This isn’t gonna work! Dan returned both hands to the handlebars and accelerated. He sidled in between Cassie and Erica. The wind whipped across their stunned faces as Dan dug through their saddlebags. “Don’t look back!!!” yelled Dan. “Don’t stop!!”
He removed a grenade, ripped out the pin, and let it drop. The bomb bounced erratically across the pavement, detonating in front of the vehicles. The hunters swerved to avoid shrapnel, but were undeterred.
Dan pulled more grenades, this time hurling them in sets of two. Explosions shook the road as they missed their targets. Of the dozen grenades littering the road, one erupted under the chassis of the lead car. Black smoke billowed from the vehicle before it was forced to pull over.
Two remained in the chase, and Dan was out of explosives. He sped up to Noah. “Where are you going!?” yelled Dan.
Noah glanced at him with panic and dread. Dan knew Noah was fleeing as fast as he could. The boy had no direction, no plan, and the others were following his lead.
“Water!!” yelled Dan. “Get to the water!!”
The marina came into view, but the hunters’ pursuit had not slowed down. Dan signaled to Wood to open fire from his sidecar. The one-armed boy drew his machine pistol and emptied rounds at the truck. The hunters responded by ramming the rear fender of Erica’s motorcycle–her tiny body flailing with each hit.
Dan turned to see the driver, a soldier with a glistening silver mask. The eyes widened as the truck beared down on Erica. Dan reached for her hand, but her vehicle tossed about with each attack. Dan felt the tips of her fingers slip through his grasp time and time again until finally grabbing a fistful of her sleeve and lifted her onto the back of his bike. The hunter rammed her bike off the road, sending it careening into a ditch.
“Spread out!!” yelled Dan to make themselves harder targets. He handed Erica his revolver with orders to shoot out the tires.
The truck created distance and opened fire once again. Bullets whizzed past Dan as he maneuvered the bike across the road. The heavy blasts returned, leaving craters in the pavement. Concrete erupted into potholes as the Sangradores battled for more time.
Dan discovered Wood had stopped firing. The boy seized his chest and slumped over–his body jostling lifelessly to the motion of the bike. Cassie reached for him before another shot rang out. Her body collapsed over her son, shielding him from gunfire as the bike veered into oblivion.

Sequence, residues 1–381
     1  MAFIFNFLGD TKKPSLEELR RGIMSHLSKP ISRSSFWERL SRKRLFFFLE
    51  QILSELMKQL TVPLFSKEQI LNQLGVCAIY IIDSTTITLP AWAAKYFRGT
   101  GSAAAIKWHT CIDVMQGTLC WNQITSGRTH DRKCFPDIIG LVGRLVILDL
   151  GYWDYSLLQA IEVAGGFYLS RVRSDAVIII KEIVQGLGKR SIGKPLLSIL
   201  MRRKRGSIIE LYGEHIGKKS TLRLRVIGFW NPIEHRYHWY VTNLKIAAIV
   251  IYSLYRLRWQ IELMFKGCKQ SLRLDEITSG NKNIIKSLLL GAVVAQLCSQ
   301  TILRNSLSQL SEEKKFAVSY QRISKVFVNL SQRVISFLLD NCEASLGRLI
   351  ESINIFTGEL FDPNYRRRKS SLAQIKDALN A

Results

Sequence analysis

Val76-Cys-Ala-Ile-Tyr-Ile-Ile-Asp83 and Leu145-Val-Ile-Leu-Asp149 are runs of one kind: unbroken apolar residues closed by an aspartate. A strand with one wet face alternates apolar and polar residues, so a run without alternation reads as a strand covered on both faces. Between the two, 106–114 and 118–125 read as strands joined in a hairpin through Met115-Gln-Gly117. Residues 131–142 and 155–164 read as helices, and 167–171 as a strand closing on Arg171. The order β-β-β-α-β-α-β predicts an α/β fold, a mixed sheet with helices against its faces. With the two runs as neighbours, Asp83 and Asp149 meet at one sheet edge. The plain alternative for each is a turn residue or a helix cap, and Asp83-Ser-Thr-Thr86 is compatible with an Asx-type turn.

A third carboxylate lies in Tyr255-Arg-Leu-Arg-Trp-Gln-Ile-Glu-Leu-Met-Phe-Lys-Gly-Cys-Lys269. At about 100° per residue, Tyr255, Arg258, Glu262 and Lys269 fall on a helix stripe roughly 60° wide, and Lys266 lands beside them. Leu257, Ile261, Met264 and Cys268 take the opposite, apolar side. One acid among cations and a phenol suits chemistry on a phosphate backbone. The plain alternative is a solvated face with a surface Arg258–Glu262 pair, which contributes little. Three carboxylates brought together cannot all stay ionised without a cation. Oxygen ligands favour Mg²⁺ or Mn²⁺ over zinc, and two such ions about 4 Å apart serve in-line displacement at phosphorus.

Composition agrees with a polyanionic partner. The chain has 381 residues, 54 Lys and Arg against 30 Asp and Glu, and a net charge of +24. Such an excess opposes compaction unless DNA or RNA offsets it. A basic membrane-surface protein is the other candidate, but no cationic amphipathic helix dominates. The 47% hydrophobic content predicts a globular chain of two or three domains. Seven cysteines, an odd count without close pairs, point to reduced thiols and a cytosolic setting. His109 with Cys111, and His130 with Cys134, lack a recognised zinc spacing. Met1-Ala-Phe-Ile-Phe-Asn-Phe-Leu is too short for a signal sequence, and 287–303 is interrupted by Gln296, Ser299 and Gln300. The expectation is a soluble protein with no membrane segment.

The next shot ignited Noah’s gas tank, engulfing both bike and child in flames. Dan pulled away from the intense heat, and watched as Noah killed the engine, guiding his bike into the truck. Both vehicles merged into a heap of unrecognizable wreckage, painting the last chapter of the Sangradores.
Dan felt Erica grip him tighter as he sped to the marina. The final car pursued him up to the docks, parking at the waterfront. Dan and Erica lept from the bike before making a complete stop. They raced to the pier to find their escape. Dan spotted many yachts and small boats left unattended. He zeroed in on a dinghy locked with a chain to the dock. He tore the chain apart with his hands before jumping into the boat.
Dan called for Erica. She faced the other direction–motionless. Dan followed her gaze to a man standing at the other end of the pier. He was dressed in something like a police uniform–his glasses lit by the reflection of the setting sun. The man stared back at them with his gun drawn.
Dan’s legs gave out as he fell backwards into the boat. Every ounce of strength had been spent, and it was not enough. In that moment, Dan was sorry–sorry for failing Char and the Bedlam, sorry for letting his children enter the apocalypse without a father, sorry for not killing Howard Fettel when he had the chance, and sorry for not calling his mom to let her know he was okay.
The hunter lowered his weapon and left. Dan watched puzzled as the officer returned to his car. Was this mercy? thought Dan, after everything that had happened? Maybe he got what he wanted from the chase, or maybe he knew where they were headed and that they were dead already. In any case, Dan wasted no time in convincing Erica to get into the boat.
She stood on the dock, still staring at where the hunter had stood.
“It’s okay, Erica,” said Dan. “I know you’re scared, sweetie, but we need to stay together.”
“You told me that before,” said Erica, “the night we left home.” She turned around to face him. “I’m tired of being scared, Danny.” Erica popped the silver pill Cassie had given her and swallowed.